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The lesson Part II

Posted: March 13, 2009 1:48 a.m.
Updated: March 13, 2009 4:55 a.m.
The Champions Tour set Signal Sports Editor Cary Osborne, an inexperienced golfer, up with professional Mike Goodes for a lesson. This is the second part of a two-part story. Part one ran in Thursday’s edition of The Signal.

I’m sitting in the players’ dining area at Valencia Country Club on Tuesday.

Champions Tour professional Mike Goodes has just given me a lesson on putting and his golf colleague Joey Sindelar has joined us.

Goodes and I will go out after lunch to the driving range then play a couple of holes.

But I am beginning to learn more and more about Goodes.

He’s had to earn his way onto the Champions Tour by grinding.

A lifelong amateur, the North Carolina native had to qualify to get on the Champions Tour and has to continue to succeed if he wants to remain playing with the likes of Hale Irwin, Gary Player, Mark O’Meara, Nick Price and company.

I ask Sindelar, who had his own run of success on the PGA Tour, what he thinks of Goodes’ story.

“I think it’s awesome,” he said. “He’s very thankful to be here. And it’s not like a lottery.”
Sindelar implied that Goodes belongs.

“There’s this raging debate over who (the Champions Tour) is for,” Sindelar continued.

The Champions Tour is primarily made up over-50 PGA golfers who had their heyday on the regular tour. The Champions Tour gives many of them an opportunity to stay competitive.

Then there are those like Goodes, who never played on the PGA Tour.

Golfers who have had to work their way onto the tour by other methods.

Goodes went to qualifying school, succeeded, then went to qualifying tournaments, succeeded, then made enough money in 2008 on the tour to gain an exemption for 2009.

“Mike is what makes (The Champions Tour) great,” Sindelar said. “There are other avenues possible.”

Goodes won the 2009 Allianz Championship and is third on the tour’s money list this year.

Sindelar said it made Goodes’ story even more special.

“No one wants to get beat by anybody, but when a guy wins that you’re happy for, that’s great stuff,” Sindelar said.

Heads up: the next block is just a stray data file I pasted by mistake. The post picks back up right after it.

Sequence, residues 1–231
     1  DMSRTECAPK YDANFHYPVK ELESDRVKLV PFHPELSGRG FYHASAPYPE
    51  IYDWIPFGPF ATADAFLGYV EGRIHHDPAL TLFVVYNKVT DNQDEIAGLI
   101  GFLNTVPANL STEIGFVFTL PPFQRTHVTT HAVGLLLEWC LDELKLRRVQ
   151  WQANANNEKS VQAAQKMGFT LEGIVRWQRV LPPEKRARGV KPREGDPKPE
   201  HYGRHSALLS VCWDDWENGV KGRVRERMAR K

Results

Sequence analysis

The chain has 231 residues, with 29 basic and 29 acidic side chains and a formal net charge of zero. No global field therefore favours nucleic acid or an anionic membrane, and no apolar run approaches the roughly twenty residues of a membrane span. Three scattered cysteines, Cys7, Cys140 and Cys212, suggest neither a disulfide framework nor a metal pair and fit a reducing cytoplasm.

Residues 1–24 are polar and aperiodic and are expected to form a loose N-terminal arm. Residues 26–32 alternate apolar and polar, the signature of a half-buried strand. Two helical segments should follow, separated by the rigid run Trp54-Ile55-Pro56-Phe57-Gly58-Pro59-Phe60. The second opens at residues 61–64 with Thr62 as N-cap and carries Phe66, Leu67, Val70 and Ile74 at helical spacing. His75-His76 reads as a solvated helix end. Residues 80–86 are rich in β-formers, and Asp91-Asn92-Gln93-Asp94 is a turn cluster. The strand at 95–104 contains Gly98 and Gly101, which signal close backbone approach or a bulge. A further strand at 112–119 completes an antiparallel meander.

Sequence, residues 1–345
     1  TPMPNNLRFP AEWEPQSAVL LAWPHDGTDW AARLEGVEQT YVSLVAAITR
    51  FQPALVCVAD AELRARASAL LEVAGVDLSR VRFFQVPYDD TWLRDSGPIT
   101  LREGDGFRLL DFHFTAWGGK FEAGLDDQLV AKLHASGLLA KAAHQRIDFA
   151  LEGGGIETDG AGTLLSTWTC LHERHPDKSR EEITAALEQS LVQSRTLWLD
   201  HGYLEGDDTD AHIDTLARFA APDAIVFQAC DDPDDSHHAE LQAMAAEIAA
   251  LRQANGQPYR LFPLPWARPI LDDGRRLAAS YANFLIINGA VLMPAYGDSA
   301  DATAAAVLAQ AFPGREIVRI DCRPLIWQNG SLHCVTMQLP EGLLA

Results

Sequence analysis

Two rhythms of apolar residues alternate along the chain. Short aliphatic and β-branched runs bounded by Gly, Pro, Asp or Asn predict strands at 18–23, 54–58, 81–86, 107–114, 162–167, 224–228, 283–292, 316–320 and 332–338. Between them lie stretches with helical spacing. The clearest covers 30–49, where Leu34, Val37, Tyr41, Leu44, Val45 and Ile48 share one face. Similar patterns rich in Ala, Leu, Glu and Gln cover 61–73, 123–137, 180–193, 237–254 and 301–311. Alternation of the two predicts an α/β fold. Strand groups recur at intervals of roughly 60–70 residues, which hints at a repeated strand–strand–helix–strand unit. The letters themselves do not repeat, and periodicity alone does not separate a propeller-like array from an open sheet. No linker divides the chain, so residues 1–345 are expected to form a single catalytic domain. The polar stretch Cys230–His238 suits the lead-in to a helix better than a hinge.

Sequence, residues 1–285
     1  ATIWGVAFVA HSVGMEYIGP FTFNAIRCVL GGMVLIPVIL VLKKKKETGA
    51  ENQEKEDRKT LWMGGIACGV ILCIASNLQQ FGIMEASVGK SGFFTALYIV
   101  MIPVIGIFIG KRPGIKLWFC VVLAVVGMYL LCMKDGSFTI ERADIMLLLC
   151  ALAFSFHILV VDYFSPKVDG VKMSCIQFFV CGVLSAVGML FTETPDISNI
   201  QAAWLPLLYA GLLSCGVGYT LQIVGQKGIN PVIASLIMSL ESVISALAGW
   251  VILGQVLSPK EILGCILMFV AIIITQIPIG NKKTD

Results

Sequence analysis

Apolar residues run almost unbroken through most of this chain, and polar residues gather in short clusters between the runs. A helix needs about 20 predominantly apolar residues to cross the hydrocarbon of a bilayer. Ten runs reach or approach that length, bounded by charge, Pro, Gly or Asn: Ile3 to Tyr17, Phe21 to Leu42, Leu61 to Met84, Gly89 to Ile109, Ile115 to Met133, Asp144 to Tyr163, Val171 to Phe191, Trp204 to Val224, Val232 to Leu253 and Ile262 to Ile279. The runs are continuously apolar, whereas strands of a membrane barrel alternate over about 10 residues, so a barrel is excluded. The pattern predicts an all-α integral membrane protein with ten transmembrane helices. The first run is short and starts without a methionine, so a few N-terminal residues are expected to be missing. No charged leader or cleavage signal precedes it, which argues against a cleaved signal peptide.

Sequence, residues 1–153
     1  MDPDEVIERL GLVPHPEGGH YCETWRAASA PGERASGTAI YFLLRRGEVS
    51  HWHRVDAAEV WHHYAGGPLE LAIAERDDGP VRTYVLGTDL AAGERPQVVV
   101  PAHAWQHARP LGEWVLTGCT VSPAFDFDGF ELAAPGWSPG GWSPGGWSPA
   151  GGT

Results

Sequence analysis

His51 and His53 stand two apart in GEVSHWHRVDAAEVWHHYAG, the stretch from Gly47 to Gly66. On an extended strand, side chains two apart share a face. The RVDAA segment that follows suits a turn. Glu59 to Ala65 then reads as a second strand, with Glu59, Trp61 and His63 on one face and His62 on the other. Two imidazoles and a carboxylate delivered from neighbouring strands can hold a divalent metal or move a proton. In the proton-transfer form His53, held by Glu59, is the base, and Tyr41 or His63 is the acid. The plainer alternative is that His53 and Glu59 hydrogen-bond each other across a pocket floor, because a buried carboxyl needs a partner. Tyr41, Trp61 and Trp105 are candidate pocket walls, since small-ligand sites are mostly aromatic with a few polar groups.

“Thanks Joey,” Goodes said, humbled.

Sindelar then asked Goodes about what it would take for him to become a regular on the tour.

Goodes explained that he basically has to keep winning.

And he can’t settle.

“I can’t break my arm patting myself on the back,” Goodes said.

Then talk turns to the love of the game.

Sindelar explained how you see that love in Goodes.

Both said they see golfers on the Champions Tour going through the motions.

“I still love it,” Goodes said. “I love playing.”

Lunch ended soon after that.

Goodes and I headed out to the driving range, and I was chomping at the bit.

Having only played a nine-hole par-3 course before, I had never swung a driver.

Goodes probably didn’t know this.

So I wanted to just knock the dimples out of a golf ball with a driver.

But Goodes was patient.

He stretched.

So I halfheartedly mimicked him.

“Let’s start with an iron,” he told me. “And let’s aim for that flag over there.”

I’m not very good at distance, but I figured it was a good 50 yards away.

As I did with putting, I asked Goodes about form and grip.

Just like with putting, he made sure I bent at the hips, butt out, arms relaxed, head down.

“Most people have the same kind of bleed over,” Goodes said.

But instead of hovering over the ball, he had me stand back a couple of feet.

“My dad taught me how to play golf. I take the club and I keep it square,” Goodes said. “Get the club square.”

My dad taught me baseball, and it was always my sport. I explained this to Goodes and he related golf to it.

He had me swing the club like a bat, aiming for an imaginary ball on an imaginary tee.

I just had to lower that swing to smack the golf ball.

My feet were to be shoulder-width apart.

He wanted me to shift my weight from my back hip to my front hip, but I couldn’t step.